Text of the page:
Create your first list.

A way to share and manage lots.

  • Provenance

    Shanghai Gallery of Art, Shanghai
    Private Collection
    Acquired from the above by the present owner

  • Exhibited

    Shanghai, Shanghai Gallery of Art, Three worlds: Group Exhibition by Wang Guangyi, Zhang Xiaogang and Zeng Hao, 10 December, 2004 – 9 January, 2005

  • Catalogue Essay

    The Diary
    It was how my life was originally. At night when I didn’t have a TV, I would write letters or write in my diary to pass the time. It’s a very isolated lifestyle. (Zhang Xiaogang, interview with Anjali Rao, CNN Talk Asia)

    The Light Bulb
    The light bulb draws a long line of reference from Artschwager and Johns. In Zhang’s work the bulb represents an aborted or dormant potential – the bulbs are frequently unplugged but radiant with potential energy.

    The Face
    Zhang’s portraits of anonymous portraits sitters gained worldwide acclaim for their haunted stares and random and coloured patches: 'it’s like a light hitting the person’s face, and slowly it becomes a scar that time leaves behind.' (Anjali Rao, CNN Talk Asia)

    The Television Set
    The television set in Zhang’s work broadcasts both information and propaganda, metaphors for amnesia and memory. It is also a symbol of economic progress in China: ownership of a television was a prized dream not so long ago for many families, and sometimes that set would serve as the information lifeline for an entire village. On the other hand, the lion’s share of content is state-controlled, but its significance cannot be underestimated in the age of mass media.


    The Red Baby

    The red baby has been a central symbol of Zhang's work since 1993. He put all his secrets into it. All the memories of his childhood, buried for nearly two decades, came flooding back. (Michel Nuridsany, China Art Now, Paris 2003, p. 112). The infant symbolises several contradictory elements of modern China: the political overtones of Communist Red versus the colour of Confucian blood ties, and the harsh one-child policy versus an affirmative symbol of life.


    Fist and Light Bulb

    A clenched fist typically represents a resolute gesture of rebellion and was a popular symbol in socialist propaganda art. Within Zhang's art the political connotation is less obvious, but the strength of the sinewy arm clenching the unplugged lightbulb imparts a purposeful bent. Like the diary and television set, the unplugged bulb represents both potential energy and its imminent interruption.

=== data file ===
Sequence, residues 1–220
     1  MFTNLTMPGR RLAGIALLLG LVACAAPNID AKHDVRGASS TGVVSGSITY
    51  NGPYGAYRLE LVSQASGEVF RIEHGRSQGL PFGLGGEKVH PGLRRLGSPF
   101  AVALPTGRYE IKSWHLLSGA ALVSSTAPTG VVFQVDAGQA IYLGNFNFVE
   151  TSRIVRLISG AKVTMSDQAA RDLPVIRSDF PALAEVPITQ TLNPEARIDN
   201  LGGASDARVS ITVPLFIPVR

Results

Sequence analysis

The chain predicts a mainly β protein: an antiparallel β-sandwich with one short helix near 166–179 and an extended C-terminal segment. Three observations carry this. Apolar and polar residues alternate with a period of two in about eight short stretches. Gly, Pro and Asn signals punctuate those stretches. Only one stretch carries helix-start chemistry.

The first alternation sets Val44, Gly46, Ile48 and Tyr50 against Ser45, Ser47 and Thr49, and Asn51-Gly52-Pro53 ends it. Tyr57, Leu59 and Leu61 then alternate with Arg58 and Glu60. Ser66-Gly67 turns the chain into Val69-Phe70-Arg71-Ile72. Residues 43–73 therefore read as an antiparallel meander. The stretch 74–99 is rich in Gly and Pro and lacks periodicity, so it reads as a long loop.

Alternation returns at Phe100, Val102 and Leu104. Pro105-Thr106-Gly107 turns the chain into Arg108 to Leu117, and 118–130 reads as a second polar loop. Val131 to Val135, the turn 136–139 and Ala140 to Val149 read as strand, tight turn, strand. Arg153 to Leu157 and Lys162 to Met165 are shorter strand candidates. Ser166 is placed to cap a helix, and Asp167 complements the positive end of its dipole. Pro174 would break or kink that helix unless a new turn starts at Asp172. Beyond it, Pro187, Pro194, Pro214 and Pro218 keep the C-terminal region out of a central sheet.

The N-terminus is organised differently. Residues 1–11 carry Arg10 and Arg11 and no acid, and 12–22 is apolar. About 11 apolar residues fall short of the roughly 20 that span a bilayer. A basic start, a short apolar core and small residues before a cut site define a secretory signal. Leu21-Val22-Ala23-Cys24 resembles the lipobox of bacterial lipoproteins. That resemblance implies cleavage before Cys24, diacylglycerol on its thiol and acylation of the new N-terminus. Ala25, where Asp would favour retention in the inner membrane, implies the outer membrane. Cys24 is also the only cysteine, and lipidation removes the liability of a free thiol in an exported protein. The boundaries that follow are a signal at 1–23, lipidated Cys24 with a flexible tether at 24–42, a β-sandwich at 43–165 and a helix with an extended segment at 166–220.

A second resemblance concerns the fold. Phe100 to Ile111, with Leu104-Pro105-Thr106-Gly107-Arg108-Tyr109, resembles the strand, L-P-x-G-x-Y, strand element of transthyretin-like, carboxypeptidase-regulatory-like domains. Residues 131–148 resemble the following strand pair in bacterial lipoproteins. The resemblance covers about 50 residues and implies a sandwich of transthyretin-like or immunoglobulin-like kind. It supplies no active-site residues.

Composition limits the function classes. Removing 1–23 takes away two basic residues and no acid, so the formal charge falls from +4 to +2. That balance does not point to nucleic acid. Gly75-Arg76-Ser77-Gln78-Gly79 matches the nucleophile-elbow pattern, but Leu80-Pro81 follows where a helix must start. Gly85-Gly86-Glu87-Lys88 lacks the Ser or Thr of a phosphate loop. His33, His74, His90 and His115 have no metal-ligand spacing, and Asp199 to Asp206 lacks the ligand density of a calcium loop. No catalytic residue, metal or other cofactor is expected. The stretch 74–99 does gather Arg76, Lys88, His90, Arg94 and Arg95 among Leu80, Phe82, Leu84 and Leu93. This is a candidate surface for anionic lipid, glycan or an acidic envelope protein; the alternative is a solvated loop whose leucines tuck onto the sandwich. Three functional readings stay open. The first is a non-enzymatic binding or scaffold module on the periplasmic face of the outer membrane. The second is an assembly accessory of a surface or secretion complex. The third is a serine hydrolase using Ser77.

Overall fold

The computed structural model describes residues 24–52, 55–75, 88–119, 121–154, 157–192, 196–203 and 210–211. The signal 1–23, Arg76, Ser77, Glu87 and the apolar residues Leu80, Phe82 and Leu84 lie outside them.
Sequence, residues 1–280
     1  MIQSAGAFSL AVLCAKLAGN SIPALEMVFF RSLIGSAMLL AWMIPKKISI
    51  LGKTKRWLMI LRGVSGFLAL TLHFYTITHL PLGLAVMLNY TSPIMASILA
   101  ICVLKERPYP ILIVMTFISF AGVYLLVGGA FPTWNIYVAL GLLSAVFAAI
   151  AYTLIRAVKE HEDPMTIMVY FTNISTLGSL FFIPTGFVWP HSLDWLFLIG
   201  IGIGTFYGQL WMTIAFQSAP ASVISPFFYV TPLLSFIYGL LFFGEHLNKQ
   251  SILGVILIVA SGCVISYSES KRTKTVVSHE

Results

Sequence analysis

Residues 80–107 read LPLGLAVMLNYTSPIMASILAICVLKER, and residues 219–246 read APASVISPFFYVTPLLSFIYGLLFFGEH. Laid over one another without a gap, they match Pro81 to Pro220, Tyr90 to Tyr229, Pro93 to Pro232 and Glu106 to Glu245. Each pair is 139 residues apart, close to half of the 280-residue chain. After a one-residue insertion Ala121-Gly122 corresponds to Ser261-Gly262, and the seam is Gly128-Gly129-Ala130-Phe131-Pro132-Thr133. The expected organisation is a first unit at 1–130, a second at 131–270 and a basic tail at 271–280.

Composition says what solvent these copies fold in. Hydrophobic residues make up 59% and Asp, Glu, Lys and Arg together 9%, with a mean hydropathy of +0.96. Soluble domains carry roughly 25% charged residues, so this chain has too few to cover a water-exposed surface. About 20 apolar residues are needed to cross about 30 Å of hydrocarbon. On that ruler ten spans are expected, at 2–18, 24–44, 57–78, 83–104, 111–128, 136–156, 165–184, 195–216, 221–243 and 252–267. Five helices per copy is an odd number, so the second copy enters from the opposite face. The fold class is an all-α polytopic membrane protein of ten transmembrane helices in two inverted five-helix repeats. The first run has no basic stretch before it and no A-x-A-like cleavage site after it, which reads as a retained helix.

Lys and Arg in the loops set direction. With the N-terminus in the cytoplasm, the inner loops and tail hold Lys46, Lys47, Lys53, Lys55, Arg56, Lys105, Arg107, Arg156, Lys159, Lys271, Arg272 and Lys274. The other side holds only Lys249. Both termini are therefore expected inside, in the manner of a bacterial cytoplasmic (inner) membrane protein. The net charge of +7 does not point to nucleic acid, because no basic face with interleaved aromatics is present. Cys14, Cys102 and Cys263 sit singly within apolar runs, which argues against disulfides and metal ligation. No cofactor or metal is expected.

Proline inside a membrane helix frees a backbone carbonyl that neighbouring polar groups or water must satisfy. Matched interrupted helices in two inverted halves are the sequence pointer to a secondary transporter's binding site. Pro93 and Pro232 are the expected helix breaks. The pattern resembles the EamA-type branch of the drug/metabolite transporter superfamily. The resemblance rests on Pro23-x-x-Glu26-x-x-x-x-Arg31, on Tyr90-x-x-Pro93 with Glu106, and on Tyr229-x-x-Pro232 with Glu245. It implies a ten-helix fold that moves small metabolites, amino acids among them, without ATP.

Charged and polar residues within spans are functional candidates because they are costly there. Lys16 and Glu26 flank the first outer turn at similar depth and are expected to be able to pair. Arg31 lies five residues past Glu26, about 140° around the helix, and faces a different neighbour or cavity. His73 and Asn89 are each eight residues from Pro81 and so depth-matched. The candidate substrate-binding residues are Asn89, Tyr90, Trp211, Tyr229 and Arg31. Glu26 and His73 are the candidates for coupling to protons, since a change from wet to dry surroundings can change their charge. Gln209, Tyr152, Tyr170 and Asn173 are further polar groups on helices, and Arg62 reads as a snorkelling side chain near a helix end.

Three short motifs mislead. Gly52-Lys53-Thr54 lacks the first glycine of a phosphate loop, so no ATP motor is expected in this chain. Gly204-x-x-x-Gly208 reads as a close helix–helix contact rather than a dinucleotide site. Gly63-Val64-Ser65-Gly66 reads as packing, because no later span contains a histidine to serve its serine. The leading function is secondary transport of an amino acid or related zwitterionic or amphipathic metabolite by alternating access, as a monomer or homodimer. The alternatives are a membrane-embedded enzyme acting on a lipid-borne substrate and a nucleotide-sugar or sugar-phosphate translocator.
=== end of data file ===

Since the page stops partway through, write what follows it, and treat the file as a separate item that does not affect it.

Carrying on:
The Loudspeaker
    The loudspeaker shows up in several paintings in the Amnesia and Memory series. Zhang remembers these as an integral part of his childhood years, exiled to a village where loudspeakers bellowing out music and state propaganda were the only entertainment. There was nothing else to hear, no other choice. (Zhang Xiaogang, quoted in Jane McCartney, 'Meet Zhang Xiaogang, China's Hottest Artist')

    Zhang Xiaogang is internationally celebrated for his artistic commentary on the individual and collective character of contemporary Chinese memory. Born in 1958 in the province of Sichuan, he was an early progenitor of the 'Sichuan school' of painters. His 'Bloodlines' and 'Amnesia and Memory' series invoke traditional forms of twentieth-century Chinese studio portraiture, undercut with subtly harrowing stains and fissuring bloodlines that symbolise the random, underlying pressures of reality. Amnesia and Memory (One Week) is a monumental work that comprises seven panels, one correlating to each day of the week. It is the first and only work of Zhang's to date that unites every important symbol of his art: the lightbulb, the haunting face with lustrous eyes, a hand inscribing an unseen text, the infant, the unplugged television set, a lone loudspeaker in a landscape, the disembodied hand grasping an unplugged lightbulb. The elements of this work extend beyond human portraiture to incorporate a medley of quotidian objects that summon up a surreal, half-remembered life. The work presents complete facets of the critical transition between Bloodlines and his later works, incorporating both portrait and landscape in a Symbolist fashion that places the viewer in a dreamlike sequence.